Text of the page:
Charles Krauthammer on Secretary Kerry's diplomatic futility

This is a rush transcript from "The Kelly File," April 4, 2014. This copy may not be in its final form and may be updated.


JOHN KERRY, SECRETARY OF STATE: There are limits to the amount of time and effort that the United States can spend if the parties themselves are unwilling to take constructive steps in order to be able to move forward.


MEGYN KELLY, HOST: That was an attempt at tough talk by Secretary of State John Kerry, who got a lot of attention for his remarks that sounded like he's throwing up his hands over the progress of Mideast peace negotiations. It came after Mr. Kerry met with both Palestinian and Israeli leaders this week in an attempt to broker a deal with just weeks left on a nine-month negotiating table that is almost at its conclusion and not looking good.

Charles Krauthammer is a syndicated columnist, Fox News contributor, and author of "Things That Matter," number one on the New York Times bestselling list for 23 weeks now. Charles, you are not a fan of how the secretary of state has handled all of this. Let me start with this -- could anyone have done better with these two sides given how diametrically opposed they are?

CHARLES KRAUTHAMMER, FOX NEWS CONTRIBUTOR: Of course not. Nobody else could've done better. But just about every other sentient observer of the Middle East would have understood that before Secretary Kerry began his crusade would've known nine months ago when this was self-initiated by him that there was no way this would ever succeed. And the worst thing for an American secretary of state to do is to make a fool of himself in front of the world, engaging in a quixotic endeavor that everybody understood was impossible.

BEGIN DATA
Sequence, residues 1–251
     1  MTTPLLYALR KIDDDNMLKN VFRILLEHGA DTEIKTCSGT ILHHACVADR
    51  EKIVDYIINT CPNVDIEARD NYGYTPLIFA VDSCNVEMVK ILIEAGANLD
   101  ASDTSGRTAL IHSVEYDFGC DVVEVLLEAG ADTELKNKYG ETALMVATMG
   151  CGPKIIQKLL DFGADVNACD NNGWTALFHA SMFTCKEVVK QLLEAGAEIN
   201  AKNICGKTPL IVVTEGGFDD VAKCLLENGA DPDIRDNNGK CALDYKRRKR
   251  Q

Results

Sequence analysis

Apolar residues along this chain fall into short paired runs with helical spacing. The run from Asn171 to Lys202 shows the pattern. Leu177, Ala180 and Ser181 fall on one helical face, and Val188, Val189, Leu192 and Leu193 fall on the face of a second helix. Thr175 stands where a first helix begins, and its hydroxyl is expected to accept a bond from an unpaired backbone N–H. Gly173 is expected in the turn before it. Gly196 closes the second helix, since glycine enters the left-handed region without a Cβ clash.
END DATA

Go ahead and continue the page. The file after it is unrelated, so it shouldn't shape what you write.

There's an old saying in the Middle East, he whom the gods would destroy puts in his head that he will solve the Arab-Israeli dispute. And this was a point in time when Kerry kicked this off, when there was zero indication from either of the parties that there was any desire or any conditions, any ripeness to these negotiations where they might even lead to a conclusion.

KELLY: Why did he do it?

KRAUTHAMMER: That's the problem. Why did he do it? I mean, you know, what do you think I am? A psychiatrist? Look for John Kerry. I mean, I would give you what seems to be the surface explanation. Either he thought, well, I can't solve Egypt, I can't solve Syria, I can't solve Lebanon, Jordan is inundated with refugees, Iraq is a mess, Iran is going nuclear, and I can stop them, so let me try to do something in the one area that really, right now is not in crisis and does not require administrations. Or he thought I deserve a Nobel Prize. This is the last job I'm going to have in my career. This is the thing that if I get it, will give me a Nobel Prize and I'll go for it.

But it doesn't make sense at any level. That's the problem, not that he failed. That was utterly predictable from the very beginning.

KELLY: He comes out.


KRAUTHAMMER: But that he initiated this.

KELLY: He comes out now and expresses, you know, exasperation. We have better things to do here in the United States, and there's only so much I can do when the two sides won't come together.

KRAUTHAMMER: Well, look, the two sides actually talk to themselves all the time. They have to live on the ground together and they do. And they have this relatively accommodating status quo which is not a satisfactory one. But the problem is this -- the Palestinians since 1947 have never accepted the reality of a Jewish state in their midst. Mahmoud Abbas, the leader of the Palestinians, says openly he will never accept the Jewish state. And he will never conclude a final agreement that ends the conflict once and for all, meaning -- and this has been true of every Palestinian leader since 1947 -- they're willing to sign interim agreements, but never one that accepts Israel as a reality in their midst. And that ends the conflict.

And now, once you have those conditions and you've heard that from Abbas, and he's said it publicly, then you do not launch negotiations that will end the war between them, because it makes no sense.

KELLY: So far, so bad. Charles, good to see you.

KRAUTHAMMER: It's a pleasure, Megyn.

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